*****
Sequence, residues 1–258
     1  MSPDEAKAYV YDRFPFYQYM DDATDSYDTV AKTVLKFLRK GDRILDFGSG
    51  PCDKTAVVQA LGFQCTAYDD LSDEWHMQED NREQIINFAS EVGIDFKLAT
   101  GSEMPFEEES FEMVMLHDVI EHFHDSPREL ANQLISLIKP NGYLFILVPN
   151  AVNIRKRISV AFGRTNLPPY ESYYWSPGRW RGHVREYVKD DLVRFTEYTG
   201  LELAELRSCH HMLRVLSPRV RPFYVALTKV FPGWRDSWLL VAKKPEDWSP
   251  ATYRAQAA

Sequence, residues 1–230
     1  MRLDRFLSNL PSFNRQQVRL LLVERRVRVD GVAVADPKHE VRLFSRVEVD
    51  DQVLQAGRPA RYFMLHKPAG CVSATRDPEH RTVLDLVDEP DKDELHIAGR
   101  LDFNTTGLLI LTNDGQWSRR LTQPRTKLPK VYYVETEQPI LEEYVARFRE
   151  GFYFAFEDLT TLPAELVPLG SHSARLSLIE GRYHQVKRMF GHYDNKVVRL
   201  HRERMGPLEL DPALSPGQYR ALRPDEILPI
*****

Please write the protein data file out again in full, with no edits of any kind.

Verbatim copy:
Sequence, residues 1–258
     1  MSPDEAKAYV YDRFPFYQYM DDATDSYDTV AKTVLKFLRK GDRILDFGSG
    51  PCDKTAVVQA LGFQCTAYDD LSDEWHMQED NREQIINFAS EVGIDFKLAT
   101  GSEMPFEEES FEMVMLHDVI EHFHDSPREL ANQLISLIKP NGYLFILVPN
   151  AVNIRKRISV AFGRTNLPPY ESYYWSPGRW RGHVREYVKD DLVRFTEYTG
   201  LELAELRSCH HMLRVLSPRV RPFYVALTKV FPGWRDSWLL VAKKPEDWSP
   251  ATYRAQAA

Sequence, residues 1–230
     1  MRLDRFLSNL PSFNRQQVRL LLVERRVRVD GVAVADPKHE VRLFSRVEVD
    51  DQVLQAGRPA RYFMLHKPAG CVSATRDPEH RTVLDLVDEP DKDELHIAGR
   101  LDFNTTGLLI LTNDGQWSRR LTQPRTKLPK VYYVETEQPI LEEYVARFRE
   151  GFYFAFEDLT TLPAELVPLG SHSARLSLIE GRYHQVKRMF GHYDNKVVRL
   201  HRERMGPLEL DPALSPGQYR ALRPDEILPI